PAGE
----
``````2000000

``````

I tried to make a macro out of it which doesn't require the type being repeatedly specified for the base `10` (as in `10i32`, which feels annoying), but didn't get it to work. How could such a macro look like, which doesn't require the `i32` hint?

1 Like

Here is a macro: playground.

``````const TWO_MILLION: i32 = scientific!(2 * 10 ^ 6);
``````
2 Likes

I tried to modify it a bit, so it also works with non-literals and has a shorter notation:

``````macro_rules! sci {
(\$mant:expr, \$exp:expr \$(,)?) => {
{
let base = 0 * \$mant + 10;
if false {
base
} else {
\$mant * base.pow(\$exp)
}
}
};
}

const TWO_MILLION: i32 = sci!(2, 6);

fn main() {
println!("{TWO_MILLION}");
println!("{}", sci!(5i32, 3));
let sixthousand: i32 = sci!(6, 3);
println!("{sixthousand}");
}
``````

Output:

``````2000000
5000
6000

``````

Some questions:

• Is using the "`0 * \$mant +"` trick idiomatic, or can it be achieved in other ways?
• Any way to make the line `println!("{}", sci!(5i32, 3))` work without the type hint?

Make it a generic function rather than a macro and then the literal will default to `i32`.

Interesting idea, but trait methods cannot be `const fn`s ``````trait Sci {
fn sci(mant: Self, exp: u32) -> Self;
}

macro_rules! impl_sci {
(\$type:ty) => {
impl Sci for \$type {
fn sci(mant: Self, exp: u32) -> Self {
mant * Self::pow(10, exp)
}
}
};
}

impl_sci!(i8);
impl_sci!(u8);
impl_sci!(i16);
impl_sci!(u16);
impl_sci!(i32);
impl_sci!(u32);
impl_sci!(i64);
impl_sci!(u64);
impl_sci!(i128);
impl_sci!(u128);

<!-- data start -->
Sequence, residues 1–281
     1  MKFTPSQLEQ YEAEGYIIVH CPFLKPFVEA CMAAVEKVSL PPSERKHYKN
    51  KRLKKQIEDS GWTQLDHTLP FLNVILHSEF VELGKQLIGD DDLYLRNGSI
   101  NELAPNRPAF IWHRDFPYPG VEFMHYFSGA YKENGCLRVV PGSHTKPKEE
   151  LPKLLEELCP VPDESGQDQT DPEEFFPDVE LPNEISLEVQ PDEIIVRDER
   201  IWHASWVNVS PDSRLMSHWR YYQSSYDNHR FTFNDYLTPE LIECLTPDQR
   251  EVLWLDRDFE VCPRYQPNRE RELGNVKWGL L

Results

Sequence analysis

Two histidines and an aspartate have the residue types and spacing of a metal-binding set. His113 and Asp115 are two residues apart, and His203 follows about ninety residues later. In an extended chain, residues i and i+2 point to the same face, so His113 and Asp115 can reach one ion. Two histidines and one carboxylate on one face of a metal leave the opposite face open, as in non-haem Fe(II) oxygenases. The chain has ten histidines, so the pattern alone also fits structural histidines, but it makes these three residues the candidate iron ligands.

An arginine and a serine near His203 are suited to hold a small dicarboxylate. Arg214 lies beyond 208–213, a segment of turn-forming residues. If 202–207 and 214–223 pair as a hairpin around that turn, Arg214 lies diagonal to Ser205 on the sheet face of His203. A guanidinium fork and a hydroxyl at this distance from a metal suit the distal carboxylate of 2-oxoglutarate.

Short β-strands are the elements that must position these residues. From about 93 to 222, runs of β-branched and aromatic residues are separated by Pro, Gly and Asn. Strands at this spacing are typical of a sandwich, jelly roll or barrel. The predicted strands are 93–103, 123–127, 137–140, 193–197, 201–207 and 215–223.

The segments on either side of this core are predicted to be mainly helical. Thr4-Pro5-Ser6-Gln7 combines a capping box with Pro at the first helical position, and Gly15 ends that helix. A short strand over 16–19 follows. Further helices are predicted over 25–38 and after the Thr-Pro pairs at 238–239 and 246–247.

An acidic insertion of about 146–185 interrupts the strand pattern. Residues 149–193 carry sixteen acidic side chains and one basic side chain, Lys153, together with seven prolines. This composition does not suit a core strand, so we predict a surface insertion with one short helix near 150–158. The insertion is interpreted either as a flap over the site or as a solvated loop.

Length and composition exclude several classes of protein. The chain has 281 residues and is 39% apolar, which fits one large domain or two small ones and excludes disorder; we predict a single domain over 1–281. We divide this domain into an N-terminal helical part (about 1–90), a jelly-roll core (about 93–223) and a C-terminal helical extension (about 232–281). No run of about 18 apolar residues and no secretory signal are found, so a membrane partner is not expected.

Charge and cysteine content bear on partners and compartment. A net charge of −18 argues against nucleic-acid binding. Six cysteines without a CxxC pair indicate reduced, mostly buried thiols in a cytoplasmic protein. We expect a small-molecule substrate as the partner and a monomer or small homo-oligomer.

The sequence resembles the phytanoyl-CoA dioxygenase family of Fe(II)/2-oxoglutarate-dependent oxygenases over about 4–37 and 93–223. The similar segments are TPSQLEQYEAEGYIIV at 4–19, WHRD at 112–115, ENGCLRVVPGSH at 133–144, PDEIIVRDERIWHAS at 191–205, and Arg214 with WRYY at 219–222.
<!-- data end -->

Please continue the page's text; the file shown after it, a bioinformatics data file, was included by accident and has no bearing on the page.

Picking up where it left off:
impl_sci!(isize);
impl_sci!(usize);

fn sci<T: Sci>(mant: T, exp: u32) -> T {
T::sci(mant, exp)
}

//const TWO_MILLION: i32 = sci(2, 6);

fn main() {
//println!("{TWO_MILLION}");
println!("{}", sci(5, 3));
let sixthousand: i32 = sci(6, 3);
println!("{sixthousand}");
}
``````

How do I make this work with: `const TWO_MILLION: i32 = sci(2, 6);`

I modified my macro to default to `i32` if the context is unknown:

``````macro_rules! scientific {
(\$a:literal * \$base:literal ^ \$exp:literal) => {{
let mut result = \$a;
let mut exp = \$exp;
while exp != 0 {
result *= \$base;
exp -= 1;
}
result
}};
}

const TWO_MILLION: i64 = scientific!(2 * 10 ^ 12);

fn main() {
println!("{}", scientific!(2 * 10 ^ 6)); // i32
}

``````
1 Like

Thank you, everyone, for your answers. That really helped. Keeping Rust consistent with most of the major programming languages by limiting the caret symbol to bitwise operations was likely a good call. @khimru, you explained that very well.

I see what you are saying about "relative error" and "absolute error", but I'm not convinced that limiting scientific notation to floats only was a good call. Why not both? Of course, the decision was made by wiser heads than mine and I can work around it by adding a decimal point to my integers, but it seems clumsy and unnecessary. Scientific notation is also simply good shorthand for very large numbers. When used that way it's not about error, just utility.

2 Likes

I agree it would be nice. Something like this could even probably be added in a backwards compatible way, for instance: `1.99e9_u32`.

I don't think the "relative error" counter-argument is convincing. In science this might be sometimes taken to mean something like (1.99 ± 0.01) * 109, but even for `f64` it's not what it means.

`1.123e2_u32` would be disallowed, but `1.99e9_u32` would work.

1 Like

Hmmm..... Come to think of it though, using scientific notation for integers is going to be very limited. As soon as you get past the single digits you have to use a decimal point which forces one into using a float. For instance one could use `9*10e9` to represent to represent 9 billion, but if you want to do 99 billion you need to use a decimal point `9.9*10e9`. So, I guess not allowing integers to use scientific notation does make sense. Have I answered my own question?

You could write 99 billion either as `99e9_u64` or `9.9e10_u64`. I don't see why would want to limit the notation to single digits or disallow the decimal point.

1 Like